Every day, at the beginning of writing workshop, we have a 5-minute silent writing time. Sometimes, I do a mini lesson first and sometimes, we just do 5 minutes of silent writing. Afterwards, the kids go off to work on their own writing projects.

Most days I’ve given my students free reign about what they are going to write during the silent writing time. But I’ve also provided a suggestion or two, such as a word of the day, for those kids who always seem to struggle with topic choice.

Some kids, who love to write and would write all day if I let them, have done fine with the freedom and the unstructured time.

Others have floundered.

Even though I know this is happening, I soldiered on. I figured that eventually they would write something. Most of the time, this approach has worked. However, I’ve ignored when it hasn’t worked more times that I would like to admit.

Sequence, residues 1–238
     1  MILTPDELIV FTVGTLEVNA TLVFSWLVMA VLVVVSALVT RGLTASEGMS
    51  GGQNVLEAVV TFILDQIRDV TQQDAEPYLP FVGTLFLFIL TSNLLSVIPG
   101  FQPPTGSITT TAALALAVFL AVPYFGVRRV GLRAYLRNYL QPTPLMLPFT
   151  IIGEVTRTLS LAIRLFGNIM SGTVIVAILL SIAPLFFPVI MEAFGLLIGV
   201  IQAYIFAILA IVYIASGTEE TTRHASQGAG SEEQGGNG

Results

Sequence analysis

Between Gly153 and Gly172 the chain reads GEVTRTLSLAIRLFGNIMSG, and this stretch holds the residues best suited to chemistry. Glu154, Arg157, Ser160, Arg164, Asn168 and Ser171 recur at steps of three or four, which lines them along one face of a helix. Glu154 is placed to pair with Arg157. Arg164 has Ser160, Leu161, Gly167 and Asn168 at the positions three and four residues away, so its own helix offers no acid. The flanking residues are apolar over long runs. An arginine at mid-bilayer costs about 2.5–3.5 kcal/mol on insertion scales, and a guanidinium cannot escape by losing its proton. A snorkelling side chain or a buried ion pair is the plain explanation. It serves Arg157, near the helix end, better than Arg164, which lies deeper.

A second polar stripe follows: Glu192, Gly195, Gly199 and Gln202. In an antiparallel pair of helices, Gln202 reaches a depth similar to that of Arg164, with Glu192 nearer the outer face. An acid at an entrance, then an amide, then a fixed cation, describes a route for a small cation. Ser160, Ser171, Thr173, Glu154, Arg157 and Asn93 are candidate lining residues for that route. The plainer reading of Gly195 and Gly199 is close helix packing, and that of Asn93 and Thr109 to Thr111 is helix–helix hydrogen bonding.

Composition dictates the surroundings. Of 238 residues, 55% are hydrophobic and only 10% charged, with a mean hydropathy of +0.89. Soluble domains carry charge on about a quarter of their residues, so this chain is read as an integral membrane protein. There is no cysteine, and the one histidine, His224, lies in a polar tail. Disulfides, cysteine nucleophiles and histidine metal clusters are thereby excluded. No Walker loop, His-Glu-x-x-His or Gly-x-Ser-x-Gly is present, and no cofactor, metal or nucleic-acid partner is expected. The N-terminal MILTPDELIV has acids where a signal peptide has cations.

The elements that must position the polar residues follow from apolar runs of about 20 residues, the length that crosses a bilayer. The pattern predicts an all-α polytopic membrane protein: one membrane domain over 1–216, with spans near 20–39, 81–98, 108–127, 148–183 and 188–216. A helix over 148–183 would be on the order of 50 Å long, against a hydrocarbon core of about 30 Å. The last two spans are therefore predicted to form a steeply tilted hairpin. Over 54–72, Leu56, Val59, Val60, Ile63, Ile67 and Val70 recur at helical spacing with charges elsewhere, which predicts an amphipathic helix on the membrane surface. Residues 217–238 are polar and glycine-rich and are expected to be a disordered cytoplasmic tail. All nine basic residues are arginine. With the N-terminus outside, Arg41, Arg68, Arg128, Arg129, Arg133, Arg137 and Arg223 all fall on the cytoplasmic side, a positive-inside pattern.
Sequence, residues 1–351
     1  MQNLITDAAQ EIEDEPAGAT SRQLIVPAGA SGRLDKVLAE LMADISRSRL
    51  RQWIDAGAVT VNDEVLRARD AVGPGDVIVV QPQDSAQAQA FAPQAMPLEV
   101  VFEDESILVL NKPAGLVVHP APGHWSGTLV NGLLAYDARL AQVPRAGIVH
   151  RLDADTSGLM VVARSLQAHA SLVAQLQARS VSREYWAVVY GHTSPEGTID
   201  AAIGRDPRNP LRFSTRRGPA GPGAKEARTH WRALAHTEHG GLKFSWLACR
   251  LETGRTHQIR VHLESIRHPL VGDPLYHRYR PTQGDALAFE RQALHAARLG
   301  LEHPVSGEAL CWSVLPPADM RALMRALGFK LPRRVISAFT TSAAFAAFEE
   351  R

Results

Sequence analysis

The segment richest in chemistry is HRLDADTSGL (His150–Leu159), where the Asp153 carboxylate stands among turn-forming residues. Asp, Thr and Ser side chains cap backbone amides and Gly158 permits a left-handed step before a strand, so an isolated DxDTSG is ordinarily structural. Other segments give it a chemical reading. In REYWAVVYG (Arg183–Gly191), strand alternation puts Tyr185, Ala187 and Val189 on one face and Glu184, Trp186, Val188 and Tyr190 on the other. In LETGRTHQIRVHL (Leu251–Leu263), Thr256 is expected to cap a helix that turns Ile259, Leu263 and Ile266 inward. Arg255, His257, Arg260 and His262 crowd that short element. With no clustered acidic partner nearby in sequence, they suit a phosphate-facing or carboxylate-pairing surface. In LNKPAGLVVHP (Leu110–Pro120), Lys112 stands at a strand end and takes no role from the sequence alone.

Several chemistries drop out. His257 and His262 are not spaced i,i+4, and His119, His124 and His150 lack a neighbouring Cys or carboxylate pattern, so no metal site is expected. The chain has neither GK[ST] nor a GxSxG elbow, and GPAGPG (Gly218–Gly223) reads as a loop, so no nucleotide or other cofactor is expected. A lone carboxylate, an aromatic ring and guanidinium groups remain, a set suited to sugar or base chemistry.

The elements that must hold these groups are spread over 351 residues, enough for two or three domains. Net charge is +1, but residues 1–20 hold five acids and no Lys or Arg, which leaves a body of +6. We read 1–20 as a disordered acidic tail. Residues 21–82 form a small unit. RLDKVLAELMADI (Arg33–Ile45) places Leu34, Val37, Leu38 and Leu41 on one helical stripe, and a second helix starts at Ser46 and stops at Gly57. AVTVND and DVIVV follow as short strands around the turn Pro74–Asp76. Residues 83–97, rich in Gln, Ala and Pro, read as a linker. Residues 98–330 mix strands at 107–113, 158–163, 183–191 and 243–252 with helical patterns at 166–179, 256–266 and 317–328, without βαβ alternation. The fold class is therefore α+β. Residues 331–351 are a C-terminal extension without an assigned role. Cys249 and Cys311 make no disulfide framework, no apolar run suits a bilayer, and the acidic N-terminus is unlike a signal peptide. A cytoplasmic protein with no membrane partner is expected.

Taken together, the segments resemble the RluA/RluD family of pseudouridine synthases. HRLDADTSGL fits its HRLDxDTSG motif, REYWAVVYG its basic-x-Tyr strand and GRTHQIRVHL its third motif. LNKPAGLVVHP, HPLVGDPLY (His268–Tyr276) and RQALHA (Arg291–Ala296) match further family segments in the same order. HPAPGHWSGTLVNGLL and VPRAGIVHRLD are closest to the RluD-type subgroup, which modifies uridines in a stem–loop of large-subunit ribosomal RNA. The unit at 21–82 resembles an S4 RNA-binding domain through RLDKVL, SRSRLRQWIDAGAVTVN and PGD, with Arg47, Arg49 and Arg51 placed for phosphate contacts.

Then, I rediscovered Linda Rief’s quick writes book. I don’t own the original book or the new one that was published recently. I’ve wanted to purchase them, but wondered if the excerpts and suggestions would work with my grade 5 students; I know Linda teaches middle school. So I downloaded a sample chapter from the Heinemann website to give it a try.

The last couple of days have been quite a revelation.

My students have written more in the last two days during silent writing time and more of them have voluntarily shared their writing with the class than ever before. And, many more are engaged during the silent writing time; where they would groan, now they are engaged. Although some are still trying to figure out what the prompts are asking them to do, they are more likely to write something instead of leaving the page blank.